Further, not a single TFA teacher showed up as among the most effective in reading, language arts, social studies or science. Maths is the only area in which some TFA teachers were strong performers - but no more so than non-TFA teachers in the district.
My point is simple: data exists to support the assertion that compared with fully certified teachers, TFA teachers are more likely to hurt the children they teach when they first enter classrooms.
In the US these students are routinely low-income children of colour, those most likely to be derailed from success by poor teaching.
Teachers from TFA do get better as they seek advanced training and receive their certification. But sadly only a tiny minority of these talented and energetic young persons stay in the profession. Many leave because they had always planned to do so. But many leave because they feel they have failed as teachers.
Think of the hubris it must take for these young people and the directors of TFA to believe that they can do a job as complicated as teaching just because they were good students.
Knowing how to read and do long division is not a guarantee that you can effectively teach phonics, comprehension and mathematical understanding to groups of 25 or more children, often poor and speakers of other languages.
In fact, Australian and American data suggest that becoming competent as a teacher requires three to five years of full-time work.
To become expert at teaching requires five to seven years.
And those are estimates based on teachers who took the traditional route, enrolling in courses to learn methods for teaching science, mathematics and reading.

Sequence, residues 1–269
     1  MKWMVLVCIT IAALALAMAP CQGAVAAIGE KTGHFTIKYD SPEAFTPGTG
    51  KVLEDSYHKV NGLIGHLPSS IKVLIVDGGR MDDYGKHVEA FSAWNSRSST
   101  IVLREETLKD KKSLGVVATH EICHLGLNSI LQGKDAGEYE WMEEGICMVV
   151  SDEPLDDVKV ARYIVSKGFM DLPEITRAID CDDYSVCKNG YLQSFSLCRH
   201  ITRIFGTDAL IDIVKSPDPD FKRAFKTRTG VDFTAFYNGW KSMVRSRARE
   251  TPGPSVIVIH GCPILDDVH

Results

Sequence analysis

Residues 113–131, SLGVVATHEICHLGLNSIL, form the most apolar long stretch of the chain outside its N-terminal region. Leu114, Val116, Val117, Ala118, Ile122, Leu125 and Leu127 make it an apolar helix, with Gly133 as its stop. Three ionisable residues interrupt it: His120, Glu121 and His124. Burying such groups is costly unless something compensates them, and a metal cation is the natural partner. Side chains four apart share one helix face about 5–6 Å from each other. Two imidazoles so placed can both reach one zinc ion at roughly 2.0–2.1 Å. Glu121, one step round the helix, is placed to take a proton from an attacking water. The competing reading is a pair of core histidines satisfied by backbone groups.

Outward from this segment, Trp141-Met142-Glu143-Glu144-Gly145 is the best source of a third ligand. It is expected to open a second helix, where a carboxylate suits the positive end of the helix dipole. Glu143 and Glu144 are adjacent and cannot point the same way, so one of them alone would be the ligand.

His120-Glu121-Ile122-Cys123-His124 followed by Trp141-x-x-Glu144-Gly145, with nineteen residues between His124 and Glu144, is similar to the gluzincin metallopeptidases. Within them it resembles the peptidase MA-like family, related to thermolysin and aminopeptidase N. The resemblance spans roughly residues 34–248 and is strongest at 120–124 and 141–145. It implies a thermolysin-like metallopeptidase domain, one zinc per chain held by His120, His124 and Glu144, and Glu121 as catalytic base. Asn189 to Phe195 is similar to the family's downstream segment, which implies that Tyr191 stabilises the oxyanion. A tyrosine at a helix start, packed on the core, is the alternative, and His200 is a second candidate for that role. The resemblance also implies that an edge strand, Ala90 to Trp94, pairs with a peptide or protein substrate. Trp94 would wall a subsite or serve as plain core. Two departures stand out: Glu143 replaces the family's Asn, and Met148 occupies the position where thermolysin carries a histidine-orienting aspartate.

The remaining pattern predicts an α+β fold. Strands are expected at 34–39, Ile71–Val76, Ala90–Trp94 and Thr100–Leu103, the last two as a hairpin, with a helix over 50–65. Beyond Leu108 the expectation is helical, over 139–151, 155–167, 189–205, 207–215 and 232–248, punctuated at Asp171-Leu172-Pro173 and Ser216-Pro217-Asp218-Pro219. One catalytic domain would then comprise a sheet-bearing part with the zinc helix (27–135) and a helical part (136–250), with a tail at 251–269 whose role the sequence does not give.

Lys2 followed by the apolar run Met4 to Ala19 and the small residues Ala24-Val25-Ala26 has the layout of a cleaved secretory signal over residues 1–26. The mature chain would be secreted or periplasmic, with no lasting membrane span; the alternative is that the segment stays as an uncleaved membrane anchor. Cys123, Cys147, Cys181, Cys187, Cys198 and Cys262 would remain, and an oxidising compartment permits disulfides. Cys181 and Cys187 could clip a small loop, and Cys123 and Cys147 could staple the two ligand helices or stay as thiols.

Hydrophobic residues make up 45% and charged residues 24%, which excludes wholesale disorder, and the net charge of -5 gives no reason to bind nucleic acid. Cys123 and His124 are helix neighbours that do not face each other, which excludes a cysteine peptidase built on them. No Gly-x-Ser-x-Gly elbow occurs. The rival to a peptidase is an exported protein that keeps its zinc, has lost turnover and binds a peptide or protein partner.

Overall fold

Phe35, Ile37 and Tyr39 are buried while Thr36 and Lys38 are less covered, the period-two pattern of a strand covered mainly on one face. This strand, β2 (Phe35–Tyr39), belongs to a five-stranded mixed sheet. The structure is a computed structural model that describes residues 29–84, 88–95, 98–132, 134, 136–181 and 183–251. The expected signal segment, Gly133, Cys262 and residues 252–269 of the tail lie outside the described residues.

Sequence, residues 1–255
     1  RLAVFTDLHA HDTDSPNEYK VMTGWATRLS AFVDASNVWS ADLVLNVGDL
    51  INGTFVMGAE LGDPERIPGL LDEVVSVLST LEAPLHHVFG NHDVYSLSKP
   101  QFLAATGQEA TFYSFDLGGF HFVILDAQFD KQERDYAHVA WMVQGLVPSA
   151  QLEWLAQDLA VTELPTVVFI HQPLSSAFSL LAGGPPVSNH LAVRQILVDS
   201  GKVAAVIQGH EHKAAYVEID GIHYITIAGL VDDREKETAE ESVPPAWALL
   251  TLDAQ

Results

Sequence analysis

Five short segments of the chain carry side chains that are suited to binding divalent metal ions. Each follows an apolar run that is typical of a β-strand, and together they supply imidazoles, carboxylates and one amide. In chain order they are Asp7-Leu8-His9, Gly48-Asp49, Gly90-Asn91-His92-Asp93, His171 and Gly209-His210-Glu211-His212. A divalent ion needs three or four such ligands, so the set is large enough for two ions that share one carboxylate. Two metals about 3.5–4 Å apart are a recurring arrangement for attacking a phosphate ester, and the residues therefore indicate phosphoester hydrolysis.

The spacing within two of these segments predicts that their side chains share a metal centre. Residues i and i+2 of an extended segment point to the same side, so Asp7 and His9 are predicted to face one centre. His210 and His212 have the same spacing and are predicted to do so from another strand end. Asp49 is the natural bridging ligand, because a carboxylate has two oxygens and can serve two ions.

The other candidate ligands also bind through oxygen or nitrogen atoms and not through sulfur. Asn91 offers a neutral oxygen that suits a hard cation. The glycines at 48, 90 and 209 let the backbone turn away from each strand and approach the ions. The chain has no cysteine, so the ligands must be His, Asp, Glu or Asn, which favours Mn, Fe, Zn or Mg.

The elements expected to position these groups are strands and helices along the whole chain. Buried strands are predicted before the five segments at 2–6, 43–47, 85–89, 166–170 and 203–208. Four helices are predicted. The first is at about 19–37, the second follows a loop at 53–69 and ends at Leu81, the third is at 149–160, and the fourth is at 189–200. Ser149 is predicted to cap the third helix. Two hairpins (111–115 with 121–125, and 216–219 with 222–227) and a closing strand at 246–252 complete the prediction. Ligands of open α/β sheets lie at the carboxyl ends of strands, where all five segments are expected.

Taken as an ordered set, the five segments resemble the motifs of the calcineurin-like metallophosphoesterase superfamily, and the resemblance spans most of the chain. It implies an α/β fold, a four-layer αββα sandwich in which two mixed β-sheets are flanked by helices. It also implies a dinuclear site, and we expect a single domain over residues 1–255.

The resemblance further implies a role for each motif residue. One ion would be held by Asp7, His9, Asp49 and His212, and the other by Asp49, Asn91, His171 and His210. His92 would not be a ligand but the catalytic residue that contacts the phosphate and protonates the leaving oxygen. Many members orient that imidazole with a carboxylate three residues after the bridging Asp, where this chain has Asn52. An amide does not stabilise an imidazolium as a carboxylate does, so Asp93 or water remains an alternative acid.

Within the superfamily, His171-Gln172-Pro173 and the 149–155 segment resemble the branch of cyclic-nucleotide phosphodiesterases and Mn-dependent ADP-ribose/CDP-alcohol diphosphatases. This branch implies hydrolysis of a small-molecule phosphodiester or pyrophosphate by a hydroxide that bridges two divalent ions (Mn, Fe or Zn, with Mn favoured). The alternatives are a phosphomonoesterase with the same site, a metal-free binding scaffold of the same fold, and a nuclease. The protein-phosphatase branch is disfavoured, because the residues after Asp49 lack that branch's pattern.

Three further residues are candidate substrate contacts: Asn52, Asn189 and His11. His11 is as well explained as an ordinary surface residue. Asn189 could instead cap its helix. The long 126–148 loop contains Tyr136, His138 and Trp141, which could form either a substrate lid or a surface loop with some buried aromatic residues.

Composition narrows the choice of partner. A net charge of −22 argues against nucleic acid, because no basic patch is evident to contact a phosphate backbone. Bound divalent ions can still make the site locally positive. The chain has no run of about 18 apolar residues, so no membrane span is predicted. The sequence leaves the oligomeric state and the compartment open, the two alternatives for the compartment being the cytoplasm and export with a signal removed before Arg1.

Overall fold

Most importantly, most traditional programs of teacher education require supervised full-time student teaching of between 15 and 30 weeks.
In comparison, TFA hardly prepares and barely supervises the teachers it sends to low-achieving schools.
Lastly, I don't know of a single middle class or wealthy school district in the US that would employ a TFA teacher.
These inadequately trained, poorly performing, bright and socially committed novices are considered good enough for poor children, but they are not good enough for the children of the middle class or the privileged.
So if you want to increase inequality in Australian education, just import the hype.
I expect that you can do better than that.
David Berliner is Regents' Professor of Education at Arizona State University.
"A child's learning is the function more of the characteristics of his classmates than those of the teacher." James Coleman, 1972
. . .a pupil attitude factor, which appears to have a stronger relationship to achievement than do all the “school” factors together, is the extent to which an individual feels that he has some control over his own destiny. James Coleman, 1966
Thursday, September 10, 2009
Research Findings on Teach for America: Australia, Listen Up
Australia's corporationists are looking to import America's unique brand of ed reform fascism in order to deal with its own population of poor and black citizens in need of containment. A major component will be to develop their own corps of Teach for Australia, with the same white, privileged two-year miracle missionaries to bring the corporate script of total compliance to those in need of chain-ganging. Before they leap onto this bad bandwagon, however, they should listen to the research facts that are suppressed in the American media and ignored by the U. S. Department of Education. From the Sydney Morning Herald (ht to Monty Neill):